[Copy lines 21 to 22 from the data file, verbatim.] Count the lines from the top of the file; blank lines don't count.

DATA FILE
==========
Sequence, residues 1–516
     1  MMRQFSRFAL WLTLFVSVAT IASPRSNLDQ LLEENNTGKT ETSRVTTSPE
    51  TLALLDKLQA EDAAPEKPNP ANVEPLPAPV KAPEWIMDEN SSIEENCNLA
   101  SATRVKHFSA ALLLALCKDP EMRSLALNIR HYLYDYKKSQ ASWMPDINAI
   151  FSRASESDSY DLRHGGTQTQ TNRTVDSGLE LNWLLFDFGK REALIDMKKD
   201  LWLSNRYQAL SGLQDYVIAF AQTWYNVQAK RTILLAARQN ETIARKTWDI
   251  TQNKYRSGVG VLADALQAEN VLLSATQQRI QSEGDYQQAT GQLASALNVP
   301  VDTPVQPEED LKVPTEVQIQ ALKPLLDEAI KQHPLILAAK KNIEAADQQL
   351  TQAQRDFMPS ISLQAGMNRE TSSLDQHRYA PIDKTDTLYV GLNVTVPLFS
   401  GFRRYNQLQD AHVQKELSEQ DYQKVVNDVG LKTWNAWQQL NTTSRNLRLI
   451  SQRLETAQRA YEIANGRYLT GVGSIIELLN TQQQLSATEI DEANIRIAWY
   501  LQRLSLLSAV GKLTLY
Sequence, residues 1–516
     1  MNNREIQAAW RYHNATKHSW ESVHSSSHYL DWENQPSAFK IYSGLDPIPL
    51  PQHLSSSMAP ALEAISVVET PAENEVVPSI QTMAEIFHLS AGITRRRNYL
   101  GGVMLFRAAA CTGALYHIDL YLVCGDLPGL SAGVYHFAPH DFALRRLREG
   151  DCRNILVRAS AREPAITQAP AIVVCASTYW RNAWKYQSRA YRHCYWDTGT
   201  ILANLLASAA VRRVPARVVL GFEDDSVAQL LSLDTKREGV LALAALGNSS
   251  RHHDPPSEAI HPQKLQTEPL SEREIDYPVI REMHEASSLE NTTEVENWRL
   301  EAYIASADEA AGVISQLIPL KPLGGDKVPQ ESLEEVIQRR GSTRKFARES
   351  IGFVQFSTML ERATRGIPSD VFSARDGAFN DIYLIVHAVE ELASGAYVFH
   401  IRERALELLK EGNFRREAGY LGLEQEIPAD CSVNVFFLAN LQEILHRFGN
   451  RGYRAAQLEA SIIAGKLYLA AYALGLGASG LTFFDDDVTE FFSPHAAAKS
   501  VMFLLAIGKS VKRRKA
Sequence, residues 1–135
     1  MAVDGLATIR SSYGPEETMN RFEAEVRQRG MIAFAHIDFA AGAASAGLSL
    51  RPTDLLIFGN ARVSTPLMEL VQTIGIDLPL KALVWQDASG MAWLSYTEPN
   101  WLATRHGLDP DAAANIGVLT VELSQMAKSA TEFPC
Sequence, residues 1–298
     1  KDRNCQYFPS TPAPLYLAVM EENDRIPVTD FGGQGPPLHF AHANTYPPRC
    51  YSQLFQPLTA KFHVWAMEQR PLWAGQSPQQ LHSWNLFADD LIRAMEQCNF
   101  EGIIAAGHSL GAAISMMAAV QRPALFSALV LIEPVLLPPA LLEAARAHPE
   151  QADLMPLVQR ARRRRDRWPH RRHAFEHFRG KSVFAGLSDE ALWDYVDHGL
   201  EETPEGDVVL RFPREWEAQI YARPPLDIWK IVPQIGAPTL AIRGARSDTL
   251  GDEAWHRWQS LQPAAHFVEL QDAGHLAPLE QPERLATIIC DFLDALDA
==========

   351  IGFVQFSTML ERATRGIPSD VFSARDGAFN DIYLIVHAVE ELASGAYVFH
   401  IRERALELLK EGNFRREAGY LGLEQEIPAD CSVNVFFLAN LQEILHRFGN